San Diego Natural History Museum--Your Nature ConnectionSDNHM Field Guide

Spermophilus beecheyi
California Ground Squirrel
(also known as Beechey Ground Squirrel)

Family: Sciuridae (tree squirrels, ground squirrels, chipmunks, flying squirrels, and marmots)


A large ground squirrel, the California Ground Squirrel is about 383-500mm (18 inches) long, including the moderately bushy tail. The tail is longer than half the head and body length, and is almost as bushy as a tree squirrel's tail.

The California Ground Squirrel has a general gray-brown coloration mottled or dappled with lighter flecks on its back. A mantle or darker gray band of color extends from the head down and over the middle of the back. The shoulders and sides of the head are light gray and under parts are light buff. There are rarely any stripes. The large size, dark mantle, and usual lack of stripes distinguish this species from other ground squirrels in California (Jameson and Peeters, 1988).

Range and Habitat

This ground squirrel is found in many plant communities in all the life zones from the coast into the mountains, from southern California to central Washington. There are nine ground squirrels native to California. When the range of two or more species overlap they can be identified by their size, colors, and markings of various patterns of stripes,spots, and mottled appearance. Studies show that when different squirrels live in the same area their eating preferences will vary enough to prevent active competition for the same resources.

The California Ground Squirrels live in open spaces, and are common along roadsides, in fields of stubble or well-grazed pastures (Jameson and Peeters, 1988). They are found in the western half of southern California and northwestern Baja California, generally below about 2200 m (7200 ft.) in elevation.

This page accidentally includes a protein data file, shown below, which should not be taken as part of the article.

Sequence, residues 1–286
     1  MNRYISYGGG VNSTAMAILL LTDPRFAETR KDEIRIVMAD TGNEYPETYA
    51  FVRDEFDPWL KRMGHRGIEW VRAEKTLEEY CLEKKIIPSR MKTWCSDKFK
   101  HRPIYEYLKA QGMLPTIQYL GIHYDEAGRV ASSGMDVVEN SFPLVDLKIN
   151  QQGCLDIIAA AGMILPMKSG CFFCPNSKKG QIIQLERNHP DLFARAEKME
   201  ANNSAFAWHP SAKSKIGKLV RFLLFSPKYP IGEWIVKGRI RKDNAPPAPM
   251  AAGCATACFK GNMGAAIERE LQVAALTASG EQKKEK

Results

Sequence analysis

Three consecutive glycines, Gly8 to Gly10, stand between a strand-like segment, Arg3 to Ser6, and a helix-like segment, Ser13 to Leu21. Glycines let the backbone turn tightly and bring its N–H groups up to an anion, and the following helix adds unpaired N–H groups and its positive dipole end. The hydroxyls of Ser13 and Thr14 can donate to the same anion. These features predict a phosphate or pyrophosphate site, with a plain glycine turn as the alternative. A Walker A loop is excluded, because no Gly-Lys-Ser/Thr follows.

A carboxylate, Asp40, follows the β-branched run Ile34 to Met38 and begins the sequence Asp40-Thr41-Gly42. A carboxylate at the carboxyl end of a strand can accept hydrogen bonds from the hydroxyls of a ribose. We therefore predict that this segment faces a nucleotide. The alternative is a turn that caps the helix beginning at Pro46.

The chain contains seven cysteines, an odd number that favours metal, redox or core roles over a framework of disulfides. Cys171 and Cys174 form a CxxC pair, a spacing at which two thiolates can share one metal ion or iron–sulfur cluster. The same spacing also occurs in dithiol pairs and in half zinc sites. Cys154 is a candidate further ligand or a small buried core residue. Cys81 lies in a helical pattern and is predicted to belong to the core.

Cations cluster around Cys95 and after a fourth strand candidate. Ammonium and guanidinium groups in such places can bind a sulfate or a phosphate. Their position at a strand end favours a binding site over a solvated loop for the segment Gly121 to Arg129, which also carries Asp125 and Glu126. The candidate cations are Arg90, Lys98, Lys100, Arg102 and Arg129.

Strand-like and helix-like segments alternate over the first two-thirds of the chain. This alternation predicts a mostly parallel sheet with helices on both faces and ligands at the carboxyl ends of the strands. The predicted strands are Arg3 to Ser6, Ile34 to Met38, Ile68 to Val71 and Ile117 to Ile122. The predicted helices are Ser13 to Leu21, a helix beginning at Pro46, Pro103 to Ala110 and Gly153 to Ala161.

Natural History

Behavior: The California Ground Squirrel is diurnal, and strictly ground-dwelling. Some species of ground squirrels become torpid (metabolism slows down) when food is scarce and most use stored fat for energy during estivation (passing the summer or dry season in a torpid state) and hibernation (passing the winter in a resting state).

Reproduction: Ground squirrels usually breed soon after emerging from hibernation. They make their nests in the ground or in rock piles. The California Ground Squirrel has a gestation of a month, usually one litter per year with an average of seven young per litter.

Diet: These common ground squirrels eat a broad range of seeds, berries and leaves of grasses, forbs, and wood plants. They also eat bulbs, tubers, insects and road-killed carrion. They have internal cheek pouches that they use for transporting food to their burrows.

When ground squirrel numbers are high their activities, burrows, and food preferences may cause problems for ranchers and farmers. Predators, which can control squirrel numbers, include coyotes, foxes, wildcats, badgers, large hawks, the golden eagle, and gopher snakes.


Many species of ground squirrels carry fleas which can transmit a bacterium responsible for plague. In wild rodents this plague is referred to as sylvatic plague. When transmitted to humans by the fleas, it causes bubonic plague and pneumonic plague.

Campers should not feed nor play with ground squirrels. Local campgrounds warn when ground squirrels have tested positive for plague. Health officials dust the openings of burrows with flea powder to cut the flea population and therefore possible spread of plague vectors. Prudent behavior and respect suggest that we leave squirrels, and other wild animals, alone. We can learn more about them by observing their wild behavior than by training them to be garbage animals.


Ingles, Lloyd G. Mammals of the Pacific States. 1965. Staford University Press, Stanford, California Jameson, E. W., Jr., and H. J. Peeters. 1988. California Mammals. University of California Press, Berkeley, California.

Lincoln R.J., and G.A. Boxshall. The Cambridge Illustrated Dictionary of Natural History. 1955. Cambridge University Press.

Mellink, Eric, Jaime Luévano, and Jorge Domínguez. 1999. Mamíferos de la Península de Baja California (excluyendo cetáceos). Centro de Investigación Científicay de Educación Superior de Ensenada (CICESE), Baja California, Mexico.

Wilson, Don E., and D. M. Reeder, eds. 1993. Mammal Species of the World. Smithsonian Institution Press, Washington, D.C.

Wilson, Don E., and F. Russell Cole. 2000. Common Names of Mammals of the World. Smithsonian Institution Press, Washington, D.C.

Text by Dr. Paisley Cato; photo by Dr. Brad Hollingsworth

Field Guide: Mammals | Field Guide Feedback Form